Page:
# Computing minimal polynomials using LLL

I would like to use the Lenstra–Lenstra–Lovász lattice basis reduction algorithm (LLL algorithm) to compute the minimal polynomial of a (real) algebraic number $\alpha$ from a decimal approximation $a$ (and bounds on its degree and height). A fairly standard idea for how to do this is to pick a large constant $N$ and apply the LLL algorithm to the lattice: \begin{eqnarray} &(1 \; 0 \; 0 \; \cdots \; 0 \; \lfloor N \rfloor),& \\ &(0 \; 1 \; 0 \; \cdots \; 0 \; \lfloor Na \rfloor),& \\ &(0 \; 0 \; 1 \; 0 \; \cdots \; 0 \; \lfloor Na^2 \rfloor),& \\ &\vdots& \\ &(0 \; \cdots \; 0 \; 1 \; \; \lfloor Na^d \rfloor)& \\ \end{eqnarray} The first vector of the basis returned by the LLL algorithm is $$\left(a_0 \; a_1 \; \cdots \; a_d \; N \sum a_i a^i \right)$$ As all of these entries are small, we obtain a small integer relation between $a^0, \ldots, a^d$. See wikipedia for an example of doing this to compute a quadratic that has a root close to $1.618034$ using $N = 10000$. However this process depends on the choice of $N$. Too small will result in underfitting while too large will result in overfitting.

Is there an explicit procedure for determining what value of $N$ to use (as a function of the bounds on the degree and height of $\alpha$)?

Most of the papers that I have looked which discuss this approach at appear to use a fairly ad-hoc method. The only place where I could find choosing $N$ being addressed is Cohen (A course in computational algebraic number theory, Section 2.7.2) where he says that:

The choice of the constant $N$ is subtle, and depends in part on what one knows about the problem. If the $|a^i|$ are not too far from 1 (meaning between $10^{-6}$ and $10^6$ , say), and are known with an absolute (or relative) precision $\epsilon$, then one should take $N$ between $1 / \epsilon$ and $1 / \epsilon^2$, but $\epsilon$ should also be taken quite small: if one expects the coefficients $a_i$; to be of to be of the order of $x$, then one might take $\epsilon = x^{1.5d}$, but in any case $\epsilon < x^{-d}$.''

[I've modified the variable names to match the previous section.]

• PARI-GP has a built-in function called algdep(x,d) that uses LLL to compute an integer polynomial of degree d with f(x) very small. I realize you didn't ask for a package, but the source code for PARI is public, so it should be possible to check how PARI uses LLL. And in particular, since Henri Cohen was quite active with PARI, it's likely that the implementation is a practical version of the comment you quote from his book. – Joe Silverman May 1 '15 at 13:07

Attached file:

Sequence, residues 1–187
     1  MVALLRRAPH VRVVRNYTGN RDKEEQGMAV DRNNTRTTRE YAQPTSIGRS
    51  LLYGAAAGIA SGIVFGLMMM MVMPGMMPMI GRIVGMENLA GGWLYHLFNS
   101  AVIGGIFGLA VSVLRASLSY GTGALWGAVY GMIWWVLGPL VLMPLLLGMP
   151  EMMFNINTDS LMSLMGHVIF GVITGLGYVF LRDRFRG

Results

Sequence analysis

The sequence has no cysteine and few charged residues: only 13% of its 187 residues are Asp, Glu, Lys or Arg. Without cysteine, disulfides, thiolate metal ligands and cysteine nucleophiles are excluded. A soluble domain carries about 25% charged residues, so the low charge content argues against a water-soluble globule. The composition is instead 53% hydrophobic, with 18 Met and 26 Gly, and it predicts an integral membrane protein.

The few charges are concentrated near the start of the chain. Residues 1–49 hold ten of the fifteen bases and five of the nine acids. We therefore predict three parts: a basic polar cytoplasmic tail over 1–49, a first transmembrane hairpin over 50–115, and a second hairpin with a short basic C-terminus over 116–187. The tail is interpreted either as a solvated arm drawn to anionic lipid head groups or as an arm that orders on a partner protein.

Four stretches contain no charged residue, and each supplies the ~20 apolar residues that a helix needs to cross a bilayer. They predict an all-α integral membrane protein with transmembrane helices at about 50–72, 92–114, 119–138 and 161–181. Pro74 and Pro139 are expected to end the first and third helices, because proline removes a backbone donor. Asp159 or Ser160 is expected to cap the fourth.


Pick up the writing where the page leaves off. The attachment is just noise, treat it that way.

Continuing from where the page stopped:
• Umm, what's the question? Do you want something more than what Cohen says? – Igor Rivin May 1 '15 at 13:07
• @Igor: I guess I have two questions: 1) What exactly does Cohen mean by "subtle"? 2) Have there been any further developments in how to choose $N$ in the 20 years since Cohen's book? – Mark Bell May 1 '15 at 13:35
• @JoeSilverman: Thanks for the suggestion. I've only had a brief chance to look at PARI but the relevant code appears to be "lindep2" in ./basemath/bibli1.c (the precision to work to (equiv. the choice of $N$) is chosen here not in algdep0). It appears that if the binary expansion of $a$ has $i$ bits before the decimal and $j$ bits afterwards then PARI uses $N = 10^{32+i}$ if $j = 0$ and $N = 10^{0.8 j}$ otherwise (or a user given precision). – Mark Bell May 1 '15 at 14:06
• @MarkBell You're welcome. In principle, there can't be a "correct" polynomial, since you're using a decimal approximation $\alpha$ to your algebraic number. And $\alpha$ is the root of many polynomials with integer coefficients. Of course, one wants the coefficients to be small in an appropriate sense. Anyway, it sounds as if the way PARI chooses $N$ is fairly ad hoc. So could be an interesting research project to find/prove something more precise. – Joe Silverman May 1 '15 at 14:36

So it turns out that this question was also asked on the cstheory stackexchange. They reference chapter 9 of C. Yap's "Fundamental Problems in Algorithmic Algebra" where this exact problem is tackled. In this, he shows that taking $N = 2^{4 h^3}$ is sufficient where $h$ is the height of $\alpha$.
A funny instance. Let $r=3.14159265358979323846264338327950288419716939937510582097\cdots$ -the $120$ first significant digits of $\pi$-. With lll, we obtain polynomials (with integer coefficients) of degrees $19$ and $34$. Thus if we only know that $r$ is algebraic with degree $\leq 34$, then we cannot conclude without the knowledge of supplementary digits.